Calm behind the storm
WINDSOR – They are a group that has seen it all.
They’ve led rescue and police efforts through just about every conceivable natural disaster from floods to tornadoes and from earthquakes to snowfall. They are the people, offering a reassuring voice, on the end of the line there is a call for emergency aid.
The fact that the people of Bertie County have been able to always count on their 9-1-1 telecommunications staff is the reason that group was recently recognized as tops in North Carolina for their efforts.
“It’s a great honor,” said Deanna Cherry, the 9-1-1 Center Supervisor. “With the difficulties we’ve had and with only having one person on duty, I think the ladies do an excellent job.
“For us to be honored this way means more than words can say,” she added.
Bertie County was recognized as Communications Center of the Year by the North Carolina Chapter of the National Emergency Number Association. The award is for outstanding professionalism, leadership, innovation and service to the community.
Bertie County Sheriff John Holley said the award was based on call volume as well as how the telecommunicators handled each situation. He said Bertie County answers as many calls as centers that have larger staffs.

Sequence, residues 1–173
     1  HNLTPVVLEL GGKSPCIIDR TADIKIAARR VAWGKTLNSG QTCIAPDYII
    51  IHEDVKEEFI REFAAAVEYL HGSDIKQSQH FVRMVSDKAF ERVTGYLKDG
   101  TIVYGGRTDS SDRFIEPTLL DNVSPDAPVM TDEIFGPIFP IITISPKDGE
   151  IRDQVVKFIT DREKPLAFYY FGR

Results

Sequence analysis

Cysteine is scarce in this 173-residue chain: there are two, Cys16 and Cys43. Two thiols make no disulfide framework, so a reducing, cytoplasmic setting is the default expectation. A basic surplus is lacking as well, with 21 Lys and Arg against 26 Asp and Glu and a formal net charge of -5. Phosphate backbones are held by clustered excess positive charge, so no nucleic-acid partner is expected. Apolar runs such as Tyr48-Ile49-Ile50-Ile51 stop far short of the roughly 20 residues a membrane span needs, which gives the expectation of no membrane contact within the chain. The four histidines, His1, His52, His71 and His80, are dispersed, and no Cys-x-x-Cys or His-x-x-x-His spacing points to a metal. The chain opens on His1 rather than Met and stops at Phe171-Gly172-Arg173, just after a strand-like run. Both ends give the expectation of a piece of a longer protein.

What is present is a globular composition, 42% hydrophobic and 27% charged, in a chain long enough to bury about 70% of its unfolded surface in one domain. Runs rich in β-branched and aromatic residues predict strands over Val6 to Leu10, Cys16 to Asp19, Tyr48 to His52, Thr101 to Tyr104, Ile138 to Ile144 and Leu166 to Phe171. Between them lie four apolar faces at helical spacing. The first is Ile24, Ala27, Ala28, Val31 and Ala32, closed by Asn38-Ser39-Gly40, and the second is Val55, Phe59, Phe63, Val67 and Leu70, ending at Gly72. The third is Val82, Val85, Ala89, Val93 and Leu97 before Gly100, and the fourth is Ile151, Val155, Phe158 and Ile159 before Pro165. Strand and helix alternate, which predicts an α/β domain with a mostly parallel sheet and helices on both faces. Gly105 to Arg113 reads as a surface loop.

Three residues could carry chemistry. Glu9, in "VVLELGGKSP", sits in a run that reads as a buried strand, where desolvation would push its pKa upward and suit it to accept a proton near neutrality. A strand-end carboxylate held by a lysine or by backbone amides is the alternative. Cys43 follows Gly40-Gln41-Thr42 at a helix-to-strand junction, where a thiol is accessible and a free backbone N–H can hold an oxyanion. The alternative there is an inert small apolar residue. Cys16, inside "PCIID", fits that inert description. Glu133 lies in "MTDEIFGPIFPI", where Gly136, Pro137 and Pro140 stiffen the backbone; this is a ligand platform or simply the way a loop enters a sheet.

“We are definitely honored, especially considering the small amount of staff we have,” he said. “I will say the Bertie County Commissioners are working with us to try to have two people on duty at all times and we’re thankful for that.
“Right now we have one person working (per shift) and they are each doing a fine job,” Holley continued. “I feel that for the size of our center, to handle the volume of calls we receive and do it well is something to be proud of.”
The county was one of several throughout the state that was considered and was chosen as a finalist before being selected for the award.
Along with Cherry, telecommunications staff includes Angela Bond, Wanda Hoggard, Lyntinka Cherry, Alisia Wilkins, Katrina Watson, Audrey Jernigan and Donnette Spivey.